Unable to hold the Mendicity Institute on Usher’s Island, the small Volunteer garrison under Seán Heuston surrenders
British army reinforcements advancing on Mount Street bridge suffer heavy casualties at the hands of Volunteers from Éamon de Valera’s 3rd battalion
Volunteers in north County Dublin under Thomas Ashe and Richard Mulcahy seize Ashbourne Royal Irish Constabulary (RIC) barracks and ambush an RIC patrol sent to re-take it
GPO on fire; insurgents evacuate building and set up their headquarters in 16 Moore Street
Pearse and Connolly agree to unconditional surrender, and send orders to other insurgent posts to do likewise
Final surrenders of rebel commandants in Dublin end the rising; 64 insurgents, 132 crown forces and about 230 civilians killed
Courts martial of 187 leading insurgents; 88 sentenced to death, with 73 commuted to various terms of imprisonment. Over 400 insurgents sent to Britain to be interned; over 3,000 other suspects also arrested, of whom about half are interned
Gun battle ensues between Kent family and RIC at Bawnard House, Castlelyons, near Fermoy, Co. Cork, when Kents resist arrest
Executions of Pearse, Clarke and MacDonagh
Executions of remaining insurgents; Connolly and Mac Diarmada the last to be shot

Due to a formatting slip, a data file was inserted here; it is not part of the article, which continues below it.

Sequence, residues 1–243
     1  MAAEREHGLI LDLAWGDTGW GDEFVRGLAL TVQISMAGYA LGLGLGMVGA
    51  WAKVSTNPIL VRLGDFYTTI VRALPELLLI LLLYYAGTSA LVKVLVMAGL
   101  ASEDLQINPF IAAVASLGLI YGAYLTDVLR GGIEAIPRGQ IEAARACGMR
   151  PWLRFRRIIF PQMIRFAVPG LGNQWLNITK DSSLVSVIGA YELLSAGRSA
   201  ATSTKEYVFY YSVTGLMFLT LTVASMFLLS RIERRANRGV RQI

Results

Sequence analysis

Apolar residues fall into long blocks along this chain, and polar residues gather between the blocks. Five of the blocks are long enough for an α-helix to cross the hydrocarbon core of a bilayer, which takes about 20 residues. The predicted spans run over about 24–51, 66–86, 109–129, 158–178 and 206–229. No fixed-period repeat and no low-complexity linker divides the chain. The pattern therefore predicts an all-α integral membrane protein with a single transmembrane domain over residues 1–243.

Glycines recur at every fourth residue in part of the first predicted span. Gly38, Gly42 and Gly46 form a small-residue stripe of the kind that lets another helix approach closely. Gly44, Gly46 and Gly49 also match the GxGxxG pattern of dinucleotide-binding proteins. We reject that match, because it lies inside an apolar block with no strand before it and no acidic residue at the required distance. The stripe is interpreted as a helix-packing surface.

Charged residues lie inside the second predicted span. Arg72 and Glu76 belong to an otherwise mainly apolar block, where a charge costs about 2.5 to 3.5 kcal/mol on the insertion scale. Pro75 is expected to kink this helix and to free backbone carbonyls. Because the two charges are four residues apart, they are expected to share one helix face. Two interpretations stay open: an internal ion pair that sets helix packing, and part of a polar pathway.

Found guilty of treason, Roger Casement is hanged in Pentonville jail, London
Release from Frongoch camp and Reading jail of remaining untried Irish political prisoners; convicted insurgents remain imprisoned [their trades]
Remaining 120 Irish prisoners, including Eoin MacNeill, de Valera and Markievicz, released from British jails
Thomas Ashe dies in Mountjoy jail after forced feeding
De Valera elected president of Sinn Féin
A broad front of Irish nationalists oppose conscription at Mansion House conference
‘German plot’ arrests of Sinn Féin leaders
Great War ends
General election: Sinn Féin wins 73 of 105 Irish seats [manifesto]
First meeting of Dáil Éireann at Mansion House, Dublin, declares independence
Irish Volunteer attack on RIC at Soloheadbeg, Co. Tipperary kills two policemen and marks the beginning of the war of independence [link]
Government of Ireland Act, 1920, provides for two subordinate Irish parliaments, one for six Ulster counties, the other for the remainder of the country
George V opens Northern Ireland parliament in Belfast
Truce ends Irish war of independence
Anglo–Irish treaty signed by British government and Sinn Féin delegates in London [link]
Dáil Éireann approves Anglo–Irish treaty by 64 votes to 57 [Constans de Markievics against the treaty]
Irish Free State provisional government elected by protreaty representatives; Michael Collins elected chairman